If you’re enrolled only in original Medicare with a Medigap supplemental plan, and don’t use a drug plan, there’s no need to re-evaluate your coverage, experts say. But Part D drug plans should be reviewed annually. The same applies to Advantage plans, which often wrap in prescription coverage and can make changes to their rosters of in-network health care providers.
“The amount of information that consumers need to grasp is dizzying, and it turns them off from doing a search,” Mr. Riccardi said. “They feel paralyzed about making a choice, and some just don’t think there is a more affordable plan out there for them.”
Is there another way?
When creation of the prescription drug benefit was being debated, progressive Medicare advocates fought to expand the existing program to include drug coverage, funded by a standard premium, similar to the structure of Part B. The standard Part B premium this year is $144.60; the only exceptions to that are high-income enrollees, who pay special income-related surcharges, and very low-income enrollees, who are eligible for special subsidies to help them meet Medicare costs.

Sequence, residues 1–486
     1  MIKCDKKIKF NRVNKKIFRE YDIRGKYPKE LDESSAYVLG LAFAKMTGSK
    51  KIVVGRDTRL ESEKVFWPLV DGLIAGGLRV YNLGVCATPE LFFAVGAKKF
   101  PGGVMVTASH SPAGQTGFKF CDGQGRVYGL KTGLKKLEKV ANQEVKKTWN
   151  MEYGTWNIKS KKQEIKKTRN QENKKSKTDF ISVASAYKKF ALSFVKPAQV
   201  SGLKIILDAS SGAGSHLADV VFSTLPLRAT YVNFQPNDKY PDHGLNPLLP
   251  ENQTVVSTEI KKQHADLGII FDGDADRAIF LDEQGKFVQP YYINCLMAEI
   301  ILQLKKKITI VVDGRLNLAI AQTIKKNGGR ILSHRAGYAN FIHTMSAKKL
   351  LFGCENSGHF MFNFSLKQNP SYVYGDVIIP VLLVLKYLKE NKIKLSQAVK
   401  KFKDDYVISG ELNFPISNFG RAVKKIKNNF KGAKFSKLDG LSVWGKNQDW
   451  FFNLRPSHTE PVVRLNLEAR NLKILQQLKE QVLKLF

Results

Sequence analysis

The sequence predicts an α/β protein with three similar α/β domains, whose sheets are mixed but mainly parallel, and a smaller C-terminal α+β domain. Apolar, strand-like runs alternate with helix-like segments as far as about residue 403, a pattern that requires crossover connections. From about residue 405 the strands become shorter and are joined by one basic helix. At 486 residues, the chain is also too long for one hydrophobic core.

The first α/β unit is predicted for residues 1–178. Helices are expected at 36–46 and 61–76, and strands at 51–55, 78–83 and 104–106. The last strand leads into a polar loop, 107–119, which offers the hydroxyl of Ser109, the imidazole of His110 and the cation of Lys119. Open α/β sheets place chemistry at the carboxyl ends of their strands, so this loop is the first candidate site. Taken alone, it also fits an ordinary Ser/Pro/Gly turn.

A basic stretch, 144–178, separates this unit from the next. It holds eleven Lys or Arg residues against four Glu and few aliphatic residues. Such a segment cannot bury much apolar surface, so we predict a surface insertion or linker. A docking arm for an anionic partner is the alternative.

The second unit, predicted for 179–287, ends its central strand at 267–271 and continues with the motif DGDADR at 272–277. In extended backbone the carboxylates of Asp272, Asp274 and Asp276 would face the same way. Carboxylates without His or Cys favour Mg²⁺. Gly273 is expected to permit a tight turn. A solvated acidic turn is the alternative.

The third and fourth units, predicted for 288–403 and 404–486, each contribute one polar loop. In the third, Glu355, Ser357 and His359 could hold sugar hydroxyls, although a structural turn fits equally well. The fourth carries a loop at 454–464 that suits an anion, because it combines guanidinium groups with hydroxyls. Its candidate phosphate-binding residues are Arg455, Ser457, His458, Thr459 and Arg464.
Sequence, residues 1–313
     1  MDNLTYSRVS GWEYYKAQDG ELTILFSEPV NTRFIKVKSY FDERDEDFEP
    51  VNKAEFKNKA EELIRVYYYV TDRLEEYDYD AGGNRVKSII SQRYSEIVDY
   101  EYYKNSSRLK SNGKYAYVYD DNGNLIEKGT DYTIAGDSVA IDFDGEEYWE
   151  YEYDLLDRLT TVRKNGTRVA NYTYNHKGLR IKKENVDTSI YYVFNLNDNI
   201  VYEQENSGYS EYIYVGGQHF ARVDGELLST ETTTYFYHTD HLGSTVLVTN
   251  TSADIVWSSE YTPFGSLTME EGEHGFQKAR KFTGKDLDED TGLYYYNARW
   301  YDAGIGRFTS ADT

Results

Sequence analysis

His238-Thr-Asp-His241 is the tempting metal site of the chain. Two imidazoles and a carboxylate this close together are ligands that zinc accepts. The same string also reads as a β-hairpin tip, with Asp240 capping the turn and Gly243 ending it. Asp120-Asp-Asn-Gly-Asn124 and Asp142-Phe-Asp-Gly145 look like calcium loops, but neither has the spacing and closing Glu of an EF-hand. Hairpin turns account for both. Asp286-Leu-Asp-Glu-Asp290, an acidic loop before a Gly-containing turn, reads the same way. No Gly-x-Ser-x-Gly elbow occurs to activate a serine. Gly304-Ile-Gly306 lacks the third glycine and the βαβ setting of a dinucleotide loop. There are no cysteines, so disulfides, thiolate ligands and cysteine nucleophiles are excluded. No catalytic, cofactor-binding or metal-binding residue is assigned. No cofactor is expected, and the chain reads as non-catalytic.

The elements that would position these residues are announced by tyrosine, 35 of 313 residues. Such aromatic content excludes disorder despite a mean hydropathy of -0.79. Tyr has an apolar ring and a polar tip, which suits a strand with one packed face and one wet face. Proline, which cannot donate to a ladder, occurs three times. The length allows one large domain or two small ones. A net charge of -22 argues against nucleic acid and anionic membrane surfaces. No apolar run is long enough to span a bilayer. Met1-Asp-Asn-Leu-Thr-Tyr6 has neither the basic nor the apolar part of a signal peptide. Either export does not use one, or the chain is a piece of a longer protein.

“Given the enormous Medicare population that could be negotiated for, I think most drugs could be offered through a standard Medicare plan,” said Judith A. Stein, executive director of the Center for Medicare Advocacy.
“Instead, we have this very fragmented system that assumes very savvy, active consumers will somehow shop among dozens of plan options to see what drugs are available and at what cost with all the myriad co-pays and cost-sharing options,” she added.
Advocates like Ms. Stein also urged controlling program costs by allowing Medicare to negotiate drug prices with pharmaceutical companies — something the legislation that created Part D forbids.